T (K) = T (^{o}C) + 273.15

T (^{o}C) = T (K) – 273.15

T = Temperature

K = Kelvin

C = Celsius

If the temperature is expressed on a Kelvin scale, the chart above will look like the picture below.

Based on this graph it can be concluded that at a fixed pressure, the volume of gas is always directly proportional to the absolute temperature of the gas. If the absolute temperature of the gas increases, the gas volume also increases, on the contrary, if the absolute temperature of the gas decreases, the gas volume also decreases. This relationship is known as Charles’s law. Mathematically :

Volume α Temperature → Constant pressure

V α T → P constant

The meaning of equation 1 is at constant pressure (P) if the absolute temperature (T) changes then the volume (V) of the gas also turns so that the ratio between absolute temperature and volume is always constant. If the absolute temperature of the gas increases, the volume of gas also increases or vice versa if the absolute temperature of the gas decreases, the volume of the gas also decreases, so the ratio between temperature and volume is always constant. The absolute temperature of the gas is the temperature of the gas which is stated on the Kelvin scale. If the temperature is still in the Celsius scale, then change it first to the Kelvin scale.

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**Gay-Lussac’s law**

Joseph Gay-Lussac (1778-1850) experimented and found that if the gas volume is set constant, when gas pressure increases, the absolute temperature of the gas increases. Likewise, when the gas pressure decreases, the absolute temperature of the gas decreases. At constant volume, the gas pressure is directly proportional to the absolute temperature of the gas. This relationship is called Gay-Lussac Law. Mathematically:

Pressure α Temperature → Constant volume

P α T → V is constant

The meaning of equation 1 is that at constant volume (V) if the pressure (P) of the gas changes, the absolute temperature (T) of the gas also changes so that the ratio between the pressure and absolute temperature is constant. In other words, if the gas pressure increases, the absolute temperature of the gas also increases or vice versa if the gas pressure decreases, the absolute temperature of the gas also decreases, so that the ratio between pressure and temperature is always constant.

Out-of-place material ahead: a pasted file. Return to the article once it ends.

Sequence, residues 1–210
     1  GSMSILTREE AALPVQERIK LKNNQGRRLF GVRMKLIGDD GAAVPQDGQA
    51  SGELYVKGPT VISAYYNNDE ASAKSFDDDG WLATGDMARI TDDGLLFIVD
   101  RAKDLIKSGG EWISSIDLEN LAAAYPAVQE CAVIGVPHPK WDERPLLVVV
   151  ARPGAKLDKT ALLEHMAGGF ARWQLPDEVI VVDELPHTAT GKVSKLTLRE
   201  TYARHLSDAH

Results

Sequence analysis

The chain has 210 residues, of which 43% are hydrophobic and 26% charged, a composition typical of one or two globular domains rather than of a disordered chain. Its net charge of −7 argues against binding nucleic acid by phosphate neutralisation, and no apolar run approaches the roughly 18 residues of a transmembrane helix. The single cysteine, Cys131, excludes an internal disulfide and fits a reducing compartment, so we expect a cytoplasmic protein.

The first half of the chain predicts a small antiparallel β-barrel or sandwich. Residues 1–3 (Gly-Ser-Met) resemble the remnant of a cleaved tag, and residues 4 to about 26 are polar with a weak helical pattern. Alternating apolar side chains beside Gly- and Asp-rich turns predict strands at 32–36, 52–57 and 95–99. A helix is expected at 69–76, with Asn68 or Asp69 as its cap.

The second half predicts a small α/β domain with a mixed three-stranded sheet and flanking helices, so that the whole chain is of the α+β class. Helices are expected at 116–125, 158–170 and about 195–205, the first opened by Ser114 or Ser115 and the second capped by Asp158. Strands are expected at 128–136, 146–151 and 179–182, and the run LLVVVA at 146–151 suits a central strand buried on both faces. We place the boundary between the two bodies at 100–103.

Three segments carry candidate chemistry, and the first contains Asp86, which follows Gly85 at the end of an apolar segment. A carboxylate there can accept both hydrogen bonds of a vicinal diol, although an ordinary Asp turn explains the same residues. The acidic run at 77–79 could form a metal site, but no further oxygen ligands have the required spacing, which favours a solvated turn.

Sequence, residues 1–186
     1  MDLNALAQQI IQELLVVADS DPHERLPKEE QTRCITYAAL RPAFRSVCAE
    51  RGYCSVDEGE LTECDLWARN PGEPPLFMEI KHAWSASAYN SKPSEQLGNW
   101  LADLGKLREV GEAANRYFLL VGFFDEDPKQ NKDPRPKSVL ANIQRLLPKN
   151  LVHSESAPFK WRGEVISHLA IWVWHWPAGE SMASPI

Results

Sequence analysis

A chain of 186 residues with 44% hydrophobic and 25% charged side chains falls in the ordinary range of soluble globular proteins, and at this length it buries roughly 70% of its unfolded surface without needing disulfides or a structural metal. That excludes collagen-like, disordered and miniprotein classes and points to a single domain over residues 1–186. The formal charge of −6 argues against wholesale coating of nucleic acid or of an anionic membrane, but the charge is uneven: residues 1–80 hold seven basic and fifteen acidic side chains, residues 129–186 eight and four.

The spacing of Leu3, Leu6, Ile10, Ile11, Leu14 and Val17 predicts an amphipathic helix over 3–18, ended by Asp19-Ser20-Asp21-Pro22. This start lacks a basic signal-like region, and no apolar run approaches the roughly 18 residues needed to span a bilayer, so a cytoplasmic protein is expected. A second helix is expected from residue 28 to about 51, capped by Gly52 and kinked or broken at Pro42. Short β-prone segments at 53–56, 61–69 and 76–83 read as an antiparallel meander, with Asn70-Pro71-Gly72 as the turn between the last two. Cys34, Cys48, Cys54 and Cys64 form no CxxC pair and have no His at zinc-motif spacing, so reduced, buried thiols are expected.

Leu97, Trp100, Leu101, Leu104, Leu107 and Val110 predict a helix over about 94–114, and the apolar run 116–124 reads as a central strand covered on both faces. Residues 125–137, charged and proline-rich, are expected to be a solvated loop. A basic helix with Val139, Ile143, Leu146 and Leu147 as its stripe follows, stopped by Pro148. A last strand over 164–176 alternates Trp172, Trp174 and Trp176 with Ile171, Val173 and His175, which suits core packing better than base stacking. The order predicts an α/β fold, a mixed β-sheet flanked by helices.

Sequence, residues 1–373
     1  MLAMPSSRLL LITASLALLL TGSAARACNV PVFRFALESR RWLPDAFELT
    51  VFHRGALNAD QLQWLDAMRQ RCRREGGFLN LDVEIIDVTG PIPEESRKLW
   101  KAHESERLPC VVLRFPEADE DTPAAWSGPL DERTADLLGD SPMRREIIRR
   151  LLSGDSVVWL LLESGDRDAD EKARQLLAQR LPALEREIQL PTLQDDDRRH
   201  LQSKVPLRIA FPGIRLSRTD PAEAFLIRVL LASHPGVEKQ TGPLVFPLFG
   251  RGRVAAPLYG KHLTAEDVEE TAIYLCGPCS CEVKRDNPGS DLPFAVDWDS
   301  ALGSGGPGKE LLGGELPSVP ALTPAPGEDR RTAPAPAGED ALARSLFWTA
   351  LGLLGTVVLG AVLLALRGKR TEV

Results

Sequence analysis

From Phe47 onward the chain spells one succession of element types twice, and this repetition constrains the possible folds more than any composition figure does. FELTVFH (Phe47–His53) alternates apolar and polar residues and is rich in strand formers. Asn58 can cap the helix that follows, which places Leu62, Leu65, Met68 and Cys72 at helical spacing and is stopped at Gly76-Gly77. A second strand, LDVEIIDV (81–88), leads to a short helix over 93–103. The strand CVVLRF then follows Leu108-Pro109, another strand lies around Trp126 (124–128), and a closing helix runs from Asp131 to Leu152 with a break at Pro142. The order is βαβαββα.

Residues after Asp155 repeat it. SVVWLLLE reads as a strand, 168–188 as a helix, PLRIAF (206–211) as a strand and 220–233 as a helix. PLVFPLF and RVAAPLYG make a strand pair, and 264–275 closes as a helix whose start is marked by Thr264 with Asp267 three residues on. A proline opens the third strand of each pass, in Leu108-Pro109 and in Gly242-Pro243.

The absolute temperature of the gas is the temperature of the gas which is stated on the Kelvin scale. If the temperature is still in the Celsius scale, then change it first to the Kelvin scale.

Please note that Boyle’s law, Charles’s law, and Gay-Lussac’s law provide accurate results when the pressure and density of the gas are not too significant. Also, the three laws also apply only to the gas whose temperature is not near the boiling point.

Based on this fact, it can be concluded that Boyle’s law, Charles’s law, and Gay-Lussac’s law cannot be applied to all gas conditions. Because it cannot refer to all real gas conditions, we need the Ideal Gas concept. This ideal gas does not exist in everyday life. The ideal gas is just an ideal model, similar to the ideal rigid and fluid concept. So we assume the three gas laws above apply in all ideal gas conditions.

In solving gas law problems, the temperature must be stated on a Kelvin scale. If the gas pressure is still in the form of measuring pressure, change it first to absolute pressure. Absolute pressure = atmospheric pressure + measuring pressure